Mims residents used public comment time during Tuesday’s commission meeting to complain not only about the policy decision itself but also the process chosen possibly to reverse it. A ballot went out to Mims water customers with their July water bills asking if they would choose to reinstate fluoride in the drinking water. If a two-thirds supermajority of customers votes to reinstate the fluoride, it will resume.
Some suggested the two-thirds majority threshold was chosen to make it more difficult than necessary to reverse the decision.
“Aren’t our commissioners voted in with just a majority vote?” asked longtime Mims resident Lisa Mosier.
Mosier said she was frustrated with the unilateral decision by the County Commission to remove fluoride from the water with no public input and now the seemingly uphill battle to undo the policy.
“Now a can of worms was opened because of your flippant attitude, Commissioner Pritchett,” she said. “I wonder how you would have reacted if it had covered Cocoa water, which applies to more people.”
Dwight Seigler, a Mims resident and a former County Commission District 1 candidate who ran against Pritchett asked Commissioners to have a meeting and vote on reinstating fluoride rather than having customers vote through their water bills.
“You know that’s just not fair. In your heart, you know it’s not fair so let’s do the right thing,” he said.
Pritchett held a town hall in Mims last month to explain her decision and said she doesn’t see it as government’s role to make health decisions for constituents.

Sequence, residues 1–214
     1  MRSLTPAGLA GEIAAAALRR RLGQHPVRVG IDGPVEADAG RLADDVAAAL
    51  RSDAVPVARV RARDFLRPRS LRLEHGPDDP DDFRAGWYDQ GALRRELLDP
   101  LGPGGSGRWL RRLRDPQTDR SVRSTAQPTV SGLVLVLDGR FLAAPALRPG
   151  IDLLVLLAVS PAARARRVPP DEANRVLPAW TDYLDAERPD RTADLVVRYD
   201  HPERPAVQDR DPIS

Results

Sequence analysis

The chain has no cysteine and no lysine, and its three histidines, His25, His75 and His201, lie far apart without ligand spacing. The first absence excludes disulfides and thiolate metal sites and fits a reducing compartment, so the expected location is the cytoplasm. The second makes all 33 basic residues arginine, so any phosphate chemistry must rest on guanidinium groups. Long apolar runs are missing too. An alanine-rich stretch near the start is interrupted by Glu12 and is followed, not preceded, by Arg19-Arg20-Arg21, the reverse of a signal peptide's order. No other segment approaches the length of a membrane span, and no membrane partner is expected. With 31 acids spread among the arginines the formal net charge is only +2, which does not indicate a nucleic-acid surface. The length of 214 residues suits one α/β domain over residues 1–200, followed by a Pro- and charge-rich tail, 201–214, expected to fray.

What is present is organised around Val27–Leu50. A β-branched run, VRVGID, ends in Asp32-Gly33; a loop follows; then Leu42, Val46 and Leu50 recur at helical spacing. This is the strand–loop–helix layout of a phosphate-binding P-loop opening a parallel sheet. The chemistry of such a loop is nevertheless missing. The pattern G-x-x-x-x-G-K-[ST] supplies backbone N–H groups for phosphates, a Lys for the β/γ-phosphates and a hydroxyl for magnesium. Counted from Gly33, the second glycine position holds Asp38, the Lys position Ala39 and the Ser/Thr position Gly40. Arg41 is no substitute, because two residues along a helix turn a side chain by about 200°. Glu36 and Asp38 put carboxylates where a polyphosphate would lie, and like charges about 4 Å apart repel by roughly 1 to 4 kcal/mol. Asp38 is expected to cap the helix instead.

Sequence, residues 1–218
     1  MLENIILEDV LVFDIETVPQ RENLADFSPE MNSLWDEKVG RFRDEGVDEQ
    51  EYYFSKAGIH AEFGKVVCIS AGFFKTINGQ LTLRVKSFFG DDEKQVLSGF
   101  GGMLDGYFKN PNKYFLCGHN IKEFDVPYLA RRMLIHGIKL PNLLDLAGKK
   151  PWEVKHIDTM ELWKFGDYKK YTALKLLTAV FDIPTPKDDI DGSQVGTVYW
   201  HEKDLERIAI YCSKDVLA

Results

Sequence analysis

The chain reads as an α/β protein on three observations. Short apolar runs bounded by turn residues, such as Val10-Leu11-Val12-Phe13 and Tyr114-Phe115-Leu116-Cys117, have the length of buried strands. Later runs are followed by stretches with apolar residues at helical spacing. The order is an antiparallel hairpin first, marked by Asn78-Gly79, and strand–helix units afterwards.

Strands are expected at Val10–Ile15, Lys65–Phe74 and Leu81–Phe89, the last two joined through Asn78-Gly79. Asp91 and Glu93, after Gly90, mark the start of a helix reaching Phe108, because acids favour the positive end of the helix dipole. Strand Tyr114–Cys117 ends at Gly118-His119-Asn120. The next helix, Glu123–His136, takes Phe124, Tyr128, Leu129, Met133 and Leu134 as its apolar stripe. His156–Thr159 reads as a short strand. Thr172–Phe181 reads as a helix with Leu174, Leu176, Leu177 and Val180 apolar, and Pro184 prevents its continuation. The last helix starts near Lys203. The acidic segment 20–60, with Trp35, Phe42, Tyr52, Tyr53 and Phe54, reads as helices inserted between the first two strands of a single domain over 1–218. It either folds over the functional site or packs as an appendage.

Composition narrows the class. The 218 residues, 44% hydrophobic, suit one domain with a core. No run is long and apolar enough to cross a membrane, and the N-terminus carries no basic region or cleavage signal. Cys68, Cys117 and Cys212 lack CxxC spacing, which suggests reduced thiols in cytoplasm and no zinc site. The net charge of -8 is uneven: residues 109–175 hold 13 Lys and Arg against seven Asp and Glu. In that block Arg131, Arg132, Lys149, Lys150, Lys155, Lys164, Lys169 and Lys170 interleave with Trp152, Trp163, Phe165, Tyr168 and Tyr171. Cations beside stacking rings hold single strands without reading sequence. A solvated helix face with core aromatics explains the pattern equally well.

“As for roads and bridges that’s different. But I don’t think we should impose things you ingest into your body,” she said.
A group of dentists was also on hand to again challenge that view and voice concern that removing fluoride for the North Brevard community of about 8,000 people would have devastating effects on the dental health of residents.
Dr. Jim Antoon helped bring fluoride to Mims back in the 1990s when community water fluoridation was introduced originally.
“Thousands and thousands of studies that say it’s safe,” Antoon said, listing dozens of medical associations and institutions that advocate for fluoride. “Why would they do that?”
Dr. Kevin Hachmeister, dental director at Brevard Health Alliance, discussed how part of his job is to provide dental care to underserved communities where people are less likely to have access to health insurance. .
“The most underserved place is Mims. You could not have picked a worse place to remove the fluoridation. I want to make sure they have a voice because they didn’t have one on May 4.
The CDC has said fluoride in drinking water, at levels recommended by public health agencies, has proven to be a safe and effective way to reduce cavities by up to 25% in children and adults.
Water fluoridation is supported by virtually every major public health and dental organization, including the American Dental Association, the American Medical Association, the American Academy of Pediatrics and the World Health Organization.
Pritchett has apologized for her decision to remove the fluoride from Mims water without community input but stands by her idea for remedying the situation.
In the 1990s, Mims residents voted in favor of community water fluoridation by over 70% and—if they want to maintain the practice—Pritchett said they will resume fluoridation if they do so again.
She has cited her own person health difficulties, which she said are exacerbated by fluoride, in her decision to remove fluoride from the water. In Titusville, where Pritchett lives, she was unsuccessful in asking City Council to remove fluoride from the city’s water.
*Original article online at https://www.floridatoday.com/story/news/2021/07/07/dentists-press-pritchett-county-commission-fluoridation-mims/7884351002/